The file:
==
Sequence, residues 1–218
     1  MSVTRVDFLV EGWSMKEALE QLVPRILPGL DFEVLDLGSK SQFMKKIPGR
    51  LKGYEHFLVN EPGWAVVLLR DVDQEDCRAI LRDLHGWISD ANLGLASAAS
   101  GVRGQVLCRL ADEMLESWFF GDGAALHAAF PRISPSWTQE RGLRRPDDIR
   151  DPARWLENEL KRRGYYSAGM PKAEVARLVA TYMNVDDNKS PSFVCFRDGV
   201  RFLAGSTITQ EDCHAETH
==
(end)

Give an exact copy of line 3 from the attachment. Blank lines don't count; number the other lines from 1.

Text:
    51  LKGYEHFLVN EPGWAVVLLR DVDQEDCRAI LRDLHGWISD ANLGLASAAS